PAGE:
At Almaty’s biggest market, traders display Turkmen bedding – often with traditional patterns based on deer and sheep horns or abstract human figures – from fully-packed cargo containers.
“The demand is good, with the most expensive bedding set priced at 10,000 tenge ($26),” said one trader.
Some hotels have also become wholesale buyers, Turkmens say.
The official exchange rate of the manat is 3.5 per dollar, but on the black market a dollar fetches 18.6 manat.
A Kazakh citizen who used to live in Turkmenistan told Reuters that by buying out luggage allowances from other travelers and bribing airline officials, a “shuttle trader” can move up to 200 kilograms (441 pounds) in one trip.
(Additional reporting by Olzhas Auyezov in Almaty and Marat Gurt in Ashgabat,; Writing by Olzhas Auyezov, editing by Ed Osmond)
A rescuer assists a search dog as they try to reach survivors at a collapsed four-storey building following an earthquake in Porac town,, Pampanga province, Philippines, April 23, 2019. REUTERS/Eloisa Lopez
April 23, 2019
PORAC, Philippines (Reuters) – Rescue teams in the Philippines searched for signs of life beneath the rubble of a collapsed four-storey commercial building on Tuesday after a strong earthquake shook the country’s biggest island, killing at least 11 people.
Heavy lifting equipment and search dogs were used as dozens of firefighters, military and civilian rescue teams raced to shift piles of concrete in the town of Porac, about 108 km (67.1 miles) northeast of Manila, where a 6.1 magnitude earthquake destroyed several buildings on Monday.
During the night, seven people were rescued and four dead bodies were pulled out of the rubble of the commercial building, which had caved in on a ground floor supermarket, officials said.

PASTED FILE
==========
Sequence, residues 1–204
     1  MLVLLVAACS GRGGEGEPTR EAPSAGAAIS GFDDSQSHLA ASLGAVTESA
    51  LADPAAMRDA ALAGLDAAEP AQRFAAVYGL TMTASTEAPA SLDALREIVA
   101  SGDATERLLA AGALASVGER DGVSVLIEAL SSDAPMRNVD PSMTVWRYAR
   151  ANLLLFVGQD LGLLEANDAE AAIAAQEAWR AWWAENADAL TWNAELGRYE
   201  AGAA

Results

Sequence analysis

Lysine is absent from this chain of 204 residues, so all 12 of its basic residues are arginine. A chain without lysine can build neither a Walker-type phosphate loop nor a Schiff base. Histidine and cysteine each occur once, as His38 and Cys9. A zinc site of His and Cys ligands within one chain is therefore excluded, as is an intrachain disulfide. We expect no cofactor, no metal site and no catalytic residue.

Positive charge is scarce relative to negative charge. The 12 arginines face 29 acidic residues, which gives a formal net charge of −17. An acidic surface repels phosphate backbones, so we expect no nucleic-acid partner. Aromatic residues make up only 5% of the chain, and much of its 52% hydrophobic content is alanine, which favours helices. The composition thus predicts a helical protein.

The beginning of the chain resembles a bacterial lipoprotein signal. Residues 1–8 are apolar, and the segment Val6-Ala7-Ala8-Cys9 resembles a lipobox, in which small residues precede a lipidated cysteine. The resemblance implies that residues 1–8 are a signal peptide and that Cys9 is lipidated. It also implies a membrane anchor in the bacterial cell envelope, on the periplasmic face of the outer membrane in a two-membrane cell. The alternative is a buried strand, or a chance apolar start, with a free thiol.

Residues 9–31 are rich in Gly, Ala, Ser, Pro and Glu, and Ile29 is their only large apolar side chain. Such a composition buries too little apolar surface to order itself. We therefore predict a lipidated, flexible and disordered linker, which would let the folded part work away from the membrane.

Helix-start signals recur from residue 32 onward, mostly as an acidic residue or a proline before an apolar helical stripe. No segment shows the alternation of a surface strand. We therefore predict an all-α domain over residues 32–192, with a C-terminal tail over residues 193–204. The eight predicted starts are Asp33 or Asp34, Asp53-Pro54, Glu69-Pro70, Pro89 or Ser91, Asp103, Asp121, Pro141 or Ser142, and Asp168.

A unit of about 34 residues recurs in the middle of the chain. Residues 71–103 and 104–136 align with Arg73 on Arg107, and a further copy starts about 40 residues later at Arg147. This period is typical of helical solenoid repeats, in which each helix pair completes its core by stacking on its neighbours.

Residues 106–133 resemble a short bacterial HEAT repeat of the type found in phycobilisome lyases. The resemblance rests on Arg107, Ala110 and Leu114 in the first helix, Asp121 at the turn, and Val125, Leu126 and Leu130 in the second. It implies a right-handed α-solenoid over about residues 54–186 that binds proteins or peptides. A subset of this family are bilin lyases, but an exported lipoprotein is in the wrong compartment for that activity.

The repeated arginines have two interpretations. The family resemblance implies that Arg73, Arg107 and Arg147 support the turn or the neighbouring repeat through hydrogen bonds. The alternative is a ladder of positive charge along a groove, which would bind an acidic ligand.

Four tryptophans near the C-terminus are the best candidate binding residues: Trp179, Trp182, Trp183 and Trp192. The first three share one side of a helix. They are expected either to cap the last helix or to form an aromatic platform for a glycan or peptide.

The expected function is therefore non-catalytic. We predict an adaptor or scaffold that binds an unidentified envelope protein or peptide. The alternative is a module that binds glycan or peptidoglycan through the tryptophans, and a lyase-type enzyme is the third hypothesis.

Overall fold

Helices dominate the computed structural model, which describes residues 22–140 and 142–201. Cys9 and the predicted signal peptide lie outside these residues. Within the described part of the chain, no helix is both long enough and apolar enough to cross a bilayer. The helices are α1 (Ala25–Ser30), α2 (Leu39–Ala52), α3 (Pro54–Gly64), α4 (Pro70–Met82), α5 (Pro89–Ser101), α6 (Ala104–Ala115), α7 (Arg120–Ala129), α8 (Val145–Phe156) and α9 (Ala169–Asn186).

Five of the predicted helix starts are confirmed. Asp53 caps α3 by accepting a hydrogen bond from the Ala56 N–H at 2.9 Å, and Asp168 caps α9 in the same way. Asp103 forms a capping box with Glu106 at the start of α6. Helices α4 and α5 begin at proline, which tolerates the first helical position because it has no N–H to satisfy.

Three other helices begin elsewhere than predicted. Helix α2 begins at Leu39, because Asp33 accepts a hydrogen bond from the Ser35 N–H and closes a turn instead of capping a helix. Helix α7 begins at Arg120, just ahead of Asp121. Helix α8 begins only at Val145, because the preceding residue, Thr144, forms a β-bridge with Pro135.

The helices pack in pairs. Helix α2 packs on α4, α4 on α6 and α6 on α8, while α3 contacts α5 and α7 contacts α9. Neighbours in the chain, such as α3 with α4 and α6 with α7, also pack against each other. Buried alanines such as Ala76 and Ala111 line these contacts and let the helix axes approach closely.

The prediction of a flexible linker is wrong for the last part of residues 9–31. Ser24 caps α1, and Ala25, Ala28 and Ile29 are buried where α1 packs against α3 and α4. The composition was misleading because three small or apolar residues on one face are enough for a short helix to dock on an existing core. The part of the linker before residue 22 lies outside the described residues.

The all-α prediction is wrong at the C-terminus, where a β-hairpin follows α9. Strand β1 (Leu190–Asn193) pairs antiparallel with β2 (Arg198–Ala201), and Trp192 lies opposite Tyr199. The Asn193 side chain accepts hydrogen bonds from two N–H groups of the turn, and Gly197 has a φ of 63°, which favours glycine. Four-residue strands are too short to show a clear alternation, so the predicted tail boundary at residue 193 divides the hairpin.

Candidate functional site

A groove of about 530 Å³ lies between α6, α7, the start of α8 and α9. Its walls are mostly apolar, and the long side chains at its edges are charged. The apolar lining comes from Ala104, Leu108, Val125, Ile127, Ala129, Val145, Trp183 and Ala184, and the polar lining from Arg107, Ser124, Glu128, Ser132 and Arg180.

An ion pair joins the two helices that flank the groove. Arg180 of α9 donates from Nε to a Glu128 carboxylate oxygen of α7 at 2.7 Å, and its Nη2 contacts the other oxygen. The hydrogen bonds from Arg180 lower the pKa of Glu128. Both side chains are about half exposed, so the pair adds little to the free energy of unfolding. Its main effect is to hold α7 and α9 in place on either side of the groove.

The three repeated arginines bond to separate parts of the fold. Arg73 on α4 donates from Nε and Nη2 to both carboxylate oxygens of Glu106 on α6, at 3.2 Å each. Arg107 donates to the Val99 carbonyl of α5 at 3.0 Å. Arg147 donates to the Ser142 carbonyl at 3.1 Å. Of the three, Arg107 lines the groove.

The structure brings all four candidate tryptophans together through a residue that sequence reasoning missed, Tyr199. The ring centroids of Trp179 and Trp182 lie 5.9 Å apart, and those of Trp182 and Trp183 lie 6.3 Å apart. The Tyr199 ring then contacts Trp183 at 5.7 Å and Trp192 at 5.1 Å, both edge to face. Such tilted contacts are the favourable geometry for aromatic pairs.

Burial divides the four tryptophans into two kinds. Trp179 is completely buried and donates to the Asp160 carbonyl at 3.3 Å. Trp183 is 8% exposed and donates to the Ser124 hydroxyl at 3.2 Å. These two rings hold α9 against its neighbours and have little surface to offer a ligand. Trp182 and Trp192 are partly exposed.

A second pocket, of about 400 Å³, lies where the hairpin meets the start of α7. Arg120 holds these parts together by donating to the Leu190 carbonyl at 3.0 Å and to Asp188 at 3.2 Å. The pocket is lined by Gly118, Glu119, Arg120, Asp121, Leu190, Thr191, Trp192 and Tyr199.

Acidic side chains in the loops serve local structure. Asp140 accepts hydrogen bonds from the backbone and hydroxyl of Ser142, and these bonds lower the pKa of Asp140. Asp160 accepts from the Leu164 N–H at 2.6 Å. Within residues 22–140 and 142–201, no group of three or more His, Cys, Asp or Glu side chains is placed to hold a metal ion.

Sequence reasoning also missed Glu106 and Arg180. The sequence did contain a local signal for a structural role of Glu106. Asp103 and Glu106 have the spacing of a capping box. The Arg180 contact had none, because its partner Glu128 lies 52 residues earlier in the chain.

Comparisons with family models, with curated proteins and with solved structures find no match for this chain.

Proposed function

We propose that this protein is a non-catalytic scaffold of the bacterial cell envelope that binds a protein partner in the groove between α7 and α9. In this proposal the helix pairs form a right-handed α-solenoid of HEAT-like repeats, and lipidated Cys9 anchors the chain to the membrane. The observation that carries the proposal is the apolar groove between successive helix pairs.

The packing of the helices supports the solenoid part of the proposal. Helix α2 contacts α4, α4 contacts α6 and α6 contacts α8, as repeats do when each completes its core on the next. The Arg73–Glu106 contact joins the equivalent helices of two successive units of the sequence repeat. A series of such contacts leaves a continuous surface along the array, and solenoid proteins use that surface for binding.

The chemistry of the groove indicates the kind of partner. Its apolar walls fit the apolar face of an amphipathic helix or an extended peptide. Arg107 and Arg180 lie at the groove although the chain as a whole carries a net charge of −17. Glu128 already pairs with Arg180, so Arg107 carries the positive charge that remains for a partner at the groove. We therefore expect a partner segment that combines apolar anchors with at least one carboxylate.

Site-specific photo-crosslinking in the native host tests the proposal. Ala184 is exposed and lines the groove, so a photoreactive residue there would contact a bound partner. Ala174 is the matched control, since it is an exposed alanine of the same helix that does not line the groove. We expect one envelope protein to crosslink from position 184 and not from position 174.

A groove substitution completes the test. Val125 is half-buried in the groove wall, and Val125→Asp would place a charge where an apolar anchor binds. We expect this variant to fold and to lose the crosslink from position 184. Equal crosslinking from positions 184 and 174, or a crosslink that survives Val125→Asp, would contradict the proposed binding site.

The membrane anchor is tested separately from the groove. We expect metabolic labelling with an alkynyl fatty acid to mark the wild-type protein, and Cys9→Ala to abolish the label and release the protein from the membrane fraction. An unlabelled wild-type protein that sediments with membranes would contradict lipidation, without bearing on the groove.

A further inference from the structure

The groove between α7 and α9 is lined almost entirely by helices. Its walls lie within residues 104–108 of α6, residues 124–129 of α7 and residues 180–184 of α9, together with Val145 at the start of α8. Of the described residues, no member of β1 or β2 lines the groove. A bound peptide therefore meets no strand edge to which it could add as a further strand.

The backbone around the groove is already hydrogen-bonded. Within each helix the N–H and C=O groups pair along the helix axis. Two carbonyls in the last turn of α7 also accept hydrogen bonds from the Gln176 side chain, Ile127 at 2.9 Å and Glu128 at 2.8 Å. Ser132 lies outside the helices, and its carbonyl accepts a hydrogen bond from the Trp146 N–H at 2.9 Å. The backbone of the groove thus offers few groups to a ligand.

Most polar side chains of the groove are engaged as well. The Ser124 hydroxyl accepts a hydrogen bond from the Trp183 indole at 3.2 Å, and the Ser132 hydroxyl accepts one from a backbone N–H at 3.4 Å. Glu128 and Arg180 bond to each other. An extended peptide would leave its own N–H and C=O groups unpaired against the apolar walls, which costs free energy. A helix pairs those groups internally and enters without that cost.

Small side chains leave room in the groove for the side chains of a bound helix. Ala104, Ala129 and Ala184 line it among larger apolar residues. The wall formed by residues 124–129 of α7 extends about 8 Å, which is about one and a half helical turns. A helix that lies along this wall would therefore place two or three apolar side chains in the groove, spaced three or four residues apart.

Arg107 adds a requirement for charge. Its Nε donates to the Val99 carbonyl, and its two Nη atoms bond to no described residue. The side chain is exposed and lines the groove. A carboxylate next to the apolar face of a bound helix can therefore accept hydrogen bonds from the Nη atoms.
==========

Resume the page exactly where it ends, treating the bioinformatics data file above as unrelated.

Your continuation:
“The rescue is ongoing, they are still hearing a sound, no one can say how many were still trapped,” Pampanga provincial governor Lilia Pineda said in a radio interview.
The quake, which struck at 5 p.m. local time on Monday, was initially reported as being of 6.3 magnitude and later revised down to 6.1 magnitude, the U.S. Geological Survey and Philippines seismology authorities said.
The Philippines is prone to natural disasters, located on the seismically active Pacific “Ring of Fire”, a horse-shoe shaped band of volcanoes and fault lines that arcs round the edge of the Pacific Ocean.
The earthquake was felt strongly in key business areas of Manila, with residential and office buildings evacuated after being shaken for several minutes. Train services were halted and roads and sidewalks were clogged by the sudden exodus of workers.
The government declared Tuesday a holiday for civil servants in Metro Manila to allow for safety inspections of buildings.
The international airport in Clark, a former U.S. military base in Pampanga, remained closed for repairs, while parts of a one corner of a historic church in the province collapsed.
(Reporting by Eloisa Lopez and Peter Blaza; Additional reporting by Neil Jerome Morales and Karen Lema in MANILA; Writing by Martin Petty; Editing by Simon Cameron-Moore)
FILE PHOTO – Customers walk past Avianca airline check-in machines at Congonhas airport in Sao Paulo, Brazil, April 12, 2019. REUTERS/Nacho Doce
April 20, 2019
BRASILIA (Reuters) – Avianca Brasil has canceled more than 1,300 flights, Brazilian media reported on Saturday, as the bankrupt airline was forced to reduce its fleet by more than two-thirds.
The cancellations, for April 19-28, are nationwide, with airports in Brasilia, Guarulhos in Sao Paulo, and Galeao in Rio de Janeiro, the hardest hit, O Estado de Sao Paulo reported.
Avianca, which filed for bankruptcy protection in December, has to return 18 leased planes after Easter, Brazil’s National Civil Aviation Agency said on Thursday, reducing its fleet to just eight aircraft.
Earlier this month, the airline had 35 planes.
(Reporting by Jamie McGeever; Editing by Richard Chang)